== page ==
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    • We had a coffee with Masayo Waki, food influencer and Chef in Japan

    We had a coffee with Masayo Waki, food influencer and Chef in Japan

    02 July 2019Par Ambre Huerre Paitry
    Latest news & trends in food & drink

    Food influencer and Chef in Japan, Masayo Waki is renowned in her country but also in France. We had the opportunity to discuss with her about her activity and the results of our survey on seniors, food and advertising.

    Hello Masayo Waki, we are delighted to be able to talk with you! Can you tell us about yourself?

     

    Masayo Waki

    My entire life has been dedicated to gastronomy and to building bridges between Japan and France, the country I love. From 1977 to 1984, I studied French cuisine at prestigious institutions like the Cordon Bleu, the Tour d’Argent and Maxim’s, which taught me the high standards and excellence synonymous with France. After returning to Japan following this fascinating experience, I became director of the International division of the Hattori Nutrition Cooking School and organised cooking classes by renowned French chefs who were visiting Japan. In 2000, I founded my company Trois Sœurs, which allows me to carry out all of my activities. The name Trois Sœurs was carefully chosen: I have 3 daughters and it was important for me to make a link between my generation and theirs. I am currently director of the cooking school named after me, “Masayo Waki”.

    Here, I work as a food and beverage consultant for Meiji Kinenkan and I have the opportunity to take part in TV shows such as Kyo no Ryori and Asaichi. I have developed a range of kitchen utensils and I also produce cooking videos. Finally, I have also written a number of books, including My Family-Style French Cooking, In Fact, I Love Japanese Cuisine, How to Make Your Daily Bento Quickly and Umeboshi, Tsukemono and Other Foods That Keep Well. As you can see, more than just a profession, cooking is a passion that has always been with me!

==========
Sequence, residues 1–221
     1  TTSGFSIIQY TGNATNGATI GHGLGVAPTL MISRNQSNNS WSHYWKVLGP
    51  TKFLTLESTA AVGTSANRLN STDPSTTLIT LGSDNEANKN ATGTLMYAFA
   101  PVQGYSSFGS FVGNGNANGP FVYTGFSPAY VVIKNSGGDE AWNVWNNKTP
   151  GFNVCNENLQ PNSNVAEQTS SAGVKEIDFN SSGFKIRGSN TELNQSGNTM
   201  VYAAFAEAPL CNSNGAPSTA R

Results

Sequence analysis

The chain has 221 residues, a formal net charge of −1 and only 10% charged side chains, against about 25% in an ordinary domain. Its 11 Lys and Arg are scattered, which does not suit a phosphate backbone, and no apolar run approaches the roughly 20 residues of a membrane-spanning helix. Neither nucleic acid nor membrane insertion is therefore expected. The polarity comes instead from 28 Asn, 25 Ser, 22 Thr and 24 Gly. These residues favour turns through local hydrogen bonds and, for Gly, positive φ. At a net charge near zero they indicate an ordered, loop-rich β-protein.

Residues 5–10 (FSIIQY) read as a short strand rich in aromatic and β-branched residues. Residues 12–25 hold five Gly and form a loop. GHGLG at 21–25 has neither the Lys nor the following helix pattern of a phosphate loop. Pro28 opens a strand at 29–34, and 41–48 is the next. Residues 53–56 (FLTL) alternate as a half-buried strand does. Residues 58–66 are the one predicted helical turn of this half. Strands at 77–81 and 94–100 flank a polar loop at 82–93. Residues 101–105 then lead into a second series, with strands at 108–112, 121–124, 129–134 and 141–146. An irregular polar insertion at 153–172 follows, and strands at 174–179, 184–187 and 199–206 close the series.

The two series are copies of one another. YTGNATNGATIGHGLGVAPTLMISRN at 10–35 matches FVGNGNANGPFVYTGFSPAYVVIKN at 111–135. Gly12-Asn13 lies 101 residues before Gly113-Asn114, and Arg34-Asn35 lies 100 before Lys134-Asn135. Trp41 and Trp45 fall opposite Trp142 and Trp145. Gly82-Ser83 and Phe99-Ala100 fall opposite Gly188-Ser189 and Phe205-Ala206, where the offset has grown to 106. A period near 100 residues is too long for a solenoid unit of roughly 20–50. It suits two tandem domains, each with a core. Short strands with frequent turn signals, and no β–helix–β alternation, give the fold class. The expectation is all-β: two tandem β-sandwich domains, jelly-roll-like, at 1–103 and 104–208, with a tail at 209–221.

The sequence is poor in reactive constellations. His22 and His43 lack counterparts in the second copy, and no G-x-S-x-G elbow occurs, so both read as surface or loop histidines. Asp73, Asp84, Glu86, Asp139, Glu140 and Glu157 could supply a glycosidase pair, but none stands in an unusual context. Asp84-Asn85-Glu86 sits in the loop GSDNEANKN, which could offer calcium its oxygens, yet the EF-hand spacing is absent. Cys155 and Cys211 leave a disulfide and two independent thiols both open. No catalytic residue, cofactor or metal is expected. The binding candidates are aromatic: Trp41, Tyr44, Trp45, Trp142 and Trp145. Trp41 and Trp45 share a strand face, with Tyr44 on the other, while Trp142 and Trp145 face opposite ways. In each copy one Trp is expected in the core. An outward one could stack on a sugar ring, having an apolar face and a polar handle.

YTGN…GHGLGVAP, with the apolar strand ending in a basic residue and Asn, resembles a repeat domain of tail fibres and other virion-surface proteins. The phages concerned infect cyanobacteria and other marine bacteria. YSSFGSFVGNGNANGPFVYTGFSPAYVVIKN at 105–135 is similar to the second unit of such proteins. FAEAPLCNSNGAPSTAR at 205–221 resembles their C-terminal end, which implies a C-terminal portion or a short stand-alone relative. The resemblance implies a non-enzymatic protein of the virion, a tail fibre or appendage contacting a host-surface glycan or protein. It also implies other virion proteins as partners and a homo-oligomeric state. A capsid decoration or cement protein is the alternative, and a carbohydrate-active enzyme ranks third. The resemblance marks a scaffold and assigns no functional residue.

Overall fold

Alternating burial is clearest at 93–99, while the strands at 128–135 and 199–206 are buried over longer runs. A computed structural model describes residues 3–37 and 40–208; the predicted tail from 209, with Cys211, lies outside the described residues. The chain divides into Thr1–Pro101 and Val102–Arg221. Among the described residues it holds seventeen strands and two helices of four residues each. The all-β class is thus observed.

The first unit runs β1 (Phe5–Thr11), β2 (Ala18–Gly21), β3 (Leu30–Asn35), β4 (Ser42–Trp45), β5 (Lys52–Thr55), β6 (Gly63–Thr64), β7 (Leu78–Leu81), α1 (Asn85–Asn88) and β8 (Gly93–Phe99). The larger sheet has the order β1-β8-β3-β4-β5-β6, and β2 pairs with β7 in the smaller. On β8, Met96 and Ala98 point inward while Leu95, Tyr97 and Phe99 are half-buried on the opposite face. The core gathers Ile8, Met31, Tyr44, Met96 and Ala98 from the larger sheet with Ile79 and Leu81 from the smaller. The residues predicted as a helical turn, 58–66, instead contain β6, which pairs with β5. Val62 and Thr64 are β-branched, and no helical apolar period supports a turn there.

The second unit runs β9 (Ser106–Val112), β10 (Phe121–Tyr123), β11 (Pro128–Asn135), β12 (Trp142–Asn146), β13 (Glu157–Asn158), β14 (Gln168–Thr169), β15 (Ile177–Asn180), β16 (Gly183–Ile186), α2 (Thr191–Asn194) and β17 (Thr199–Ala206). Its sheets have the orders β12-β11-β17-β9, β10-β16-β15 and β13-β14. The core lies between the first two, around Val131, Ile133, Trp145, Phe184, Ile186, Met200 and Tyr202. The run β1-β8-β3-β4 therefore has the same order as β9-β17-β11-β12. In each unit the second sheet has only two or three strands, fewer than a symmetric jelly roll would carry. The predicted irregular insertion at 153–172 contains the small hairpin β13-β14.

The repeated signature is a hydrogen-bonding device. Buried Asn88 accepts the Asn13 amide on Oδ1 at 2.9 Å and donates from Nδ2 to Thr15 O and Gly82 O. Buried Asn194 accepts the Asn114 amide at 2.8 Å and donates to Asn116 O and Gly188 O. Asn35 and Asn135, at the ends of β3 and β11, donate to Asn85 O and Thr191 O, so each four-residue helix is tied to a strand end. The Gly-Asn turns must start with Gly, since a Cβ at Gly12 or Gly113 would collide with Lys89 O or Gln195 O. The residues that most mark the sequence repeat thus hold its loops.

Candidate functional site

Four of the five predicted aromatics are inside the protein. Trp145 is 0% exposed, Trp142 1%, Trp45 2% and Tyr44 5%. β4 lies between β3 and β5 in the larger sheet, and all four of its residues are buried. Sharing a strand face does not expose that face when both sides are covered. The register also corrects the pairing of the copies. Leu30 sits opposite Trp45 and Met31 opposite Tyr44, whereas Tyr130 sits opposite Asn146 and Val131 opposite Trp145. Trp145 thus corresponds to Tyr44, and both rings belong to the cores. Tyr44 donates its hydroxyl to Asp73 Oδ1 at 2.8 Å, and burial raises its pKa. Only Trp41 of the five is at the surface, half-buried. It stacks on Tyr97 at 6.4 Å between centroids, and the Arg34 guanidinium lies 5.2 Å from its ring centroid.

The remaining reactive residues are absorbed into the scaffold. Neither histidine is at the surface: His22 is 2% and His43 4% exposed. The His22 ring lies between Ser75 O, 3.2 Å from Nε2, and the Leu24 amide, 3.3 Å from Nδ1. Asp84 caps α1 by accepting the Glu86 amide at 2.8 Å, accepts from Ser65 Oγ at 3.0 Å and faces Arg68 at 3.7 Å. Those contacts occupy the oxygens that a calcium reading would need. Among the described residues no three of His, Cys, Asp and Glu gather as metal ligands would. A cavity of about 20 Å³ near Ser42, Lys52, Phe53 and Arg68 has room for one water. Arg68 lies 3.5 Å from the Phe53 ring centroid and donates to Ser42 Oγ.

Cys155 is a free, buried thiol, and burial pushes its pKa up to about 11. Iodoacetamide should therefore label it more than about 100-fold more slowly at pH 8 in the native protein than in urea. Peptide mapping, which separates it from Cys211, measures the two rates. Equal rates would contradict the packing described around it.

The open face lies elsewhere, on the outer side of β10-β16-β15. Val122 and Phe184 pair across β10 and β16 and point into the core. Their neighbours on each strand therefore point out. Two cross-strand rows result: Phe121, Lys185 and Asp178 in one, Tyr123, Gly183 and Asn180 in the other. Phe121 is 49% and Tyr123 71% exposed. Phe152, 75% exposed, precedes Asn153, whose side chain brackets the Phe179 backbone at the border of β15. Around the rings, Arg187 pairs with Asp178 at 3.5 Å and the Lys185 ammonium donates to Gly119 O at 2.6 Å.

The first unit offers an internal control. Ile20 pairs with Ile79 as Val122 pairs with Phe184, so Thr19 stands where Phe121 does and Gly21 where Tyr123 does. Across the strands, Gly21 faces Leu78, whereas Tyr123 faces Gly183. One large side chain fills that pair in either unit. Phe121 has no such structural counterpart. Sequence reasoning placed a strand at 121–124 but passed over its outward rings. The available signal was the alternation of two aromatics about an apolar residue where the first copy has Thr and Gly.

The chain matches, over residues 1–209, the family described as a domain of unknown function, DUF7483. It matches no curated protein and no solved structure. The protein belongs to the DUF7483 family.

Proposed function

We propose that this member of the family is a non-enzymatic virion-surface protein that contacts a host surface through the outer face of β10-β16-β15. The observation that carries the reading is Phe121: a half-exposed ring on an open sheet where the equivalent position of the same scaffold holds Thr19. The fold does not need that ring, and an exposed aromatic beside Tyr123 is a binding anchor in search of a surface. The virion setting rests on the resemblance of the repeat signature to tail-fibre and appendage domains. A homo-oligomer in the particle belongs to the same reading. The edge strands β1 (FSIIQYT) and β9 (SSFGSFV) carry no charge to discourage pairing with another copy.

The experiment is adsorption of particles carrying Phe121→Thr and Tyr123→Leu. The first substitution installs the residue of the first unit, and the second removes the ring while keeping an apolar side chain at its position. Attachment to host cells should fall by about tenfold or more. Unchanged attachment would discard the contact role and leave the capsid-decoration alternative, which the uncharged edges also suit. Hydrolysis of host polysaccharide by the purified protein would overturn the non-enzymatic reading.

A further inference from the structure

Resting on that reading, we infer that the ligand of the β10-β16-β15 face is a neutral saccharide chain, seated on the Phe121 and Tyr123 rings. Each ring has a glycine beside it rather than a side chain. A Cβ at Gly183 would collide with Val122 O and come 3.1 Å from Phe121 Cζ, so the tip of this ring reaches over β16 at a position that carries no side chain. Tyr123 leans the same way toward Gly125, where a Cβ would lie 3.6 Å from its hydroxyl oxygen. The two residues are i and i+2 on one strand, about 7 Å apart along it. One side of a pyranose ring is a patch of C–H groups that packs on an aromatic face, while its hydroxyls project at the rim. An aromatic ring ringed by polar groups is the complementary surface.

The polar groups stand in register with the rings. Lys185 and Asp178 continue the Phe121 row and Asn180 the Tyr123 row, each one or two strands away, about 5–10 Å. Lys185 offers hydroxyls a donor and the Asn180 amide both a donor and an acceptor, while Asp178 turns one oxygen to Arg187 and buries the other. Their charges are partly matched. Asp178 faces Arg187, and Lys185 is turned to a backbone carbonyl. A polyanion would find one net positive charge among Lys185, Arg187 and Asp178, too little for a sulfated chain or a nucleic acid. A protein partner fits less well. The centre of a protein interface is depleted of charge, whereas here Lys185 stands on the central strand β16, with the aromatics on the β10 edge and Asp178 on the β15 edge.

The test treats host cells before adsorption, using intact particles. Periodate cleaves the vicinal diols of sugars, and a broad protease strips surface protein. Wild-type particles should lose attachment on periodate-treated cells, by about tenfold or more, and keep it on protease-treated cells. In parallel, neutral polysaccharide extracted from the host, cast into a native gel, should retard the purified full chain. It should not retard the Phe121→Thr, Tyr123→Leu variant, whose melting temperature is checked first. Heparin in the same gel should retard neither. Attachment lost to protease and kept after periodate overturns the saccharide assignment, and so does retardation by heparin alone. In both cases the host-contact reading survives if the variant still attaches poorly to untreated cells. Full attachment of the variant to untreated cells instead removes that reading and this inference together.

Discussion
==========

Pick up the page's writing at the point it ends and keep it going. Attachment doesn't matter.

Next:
What led you to get started on the Web? What triggered it all?

    It all clicked when my second daughter came back to Japan after having studied cooking in France (just like me!) for 5 years. She earned a CAP vocational degree in Cooking and Pastry. At that time, cooking video sites like “Tasty” were starting to become popular. My daughter offered my husband and I to set out on a new “cooking video” adventure. To help us move past our hesitations (we didn’t have any cameras or editing equipment), she filmed herself making an omelet, using her smartphone, then did the editing herself. The result was very high quality and both my husband (who worked in image creation at the time) and I quickly got in on the act.

    Today, we are very proud to celebrate the third anniversary of our site. There is a Japanese proverb that says “When you start to get old, you must listen to young people.” And that’s exactly what we have done!   

     

     

    What does it change for you and for your audience to appear in videos with your daughter, who is from another generation? How does that impact your editorial line?

     

    My daughter is sensitive to new trends in social media and the way it is used. She brings us an innovative dimension that is in touch with what the younger generations want.

    It’s all about being complementary. What I publish on social media is different from what young people publish and I think the real attraction of social media lies precisely in the fact that everyone uses it in different ways.

    Masayo Waki cooking with her daughter

    One of the big generational differences that I have seen is that people of my age tend to edit and correct the videos a lot before publishing them online so that they are as perfect as possible because many users will be watching them. Younger people, on the other hand, put things online very quickly and then correct them afterwards if there are any mistakes. Perhaps it’s the same thing for the content? Young people have the same aims, like us they are sensitive to things that are visually beautiful and original, but they avoid waste and prefer recipes that are easy to make. I think they try to convey in the best possible way their love of the products, their tips to avoid waste and basic recipes.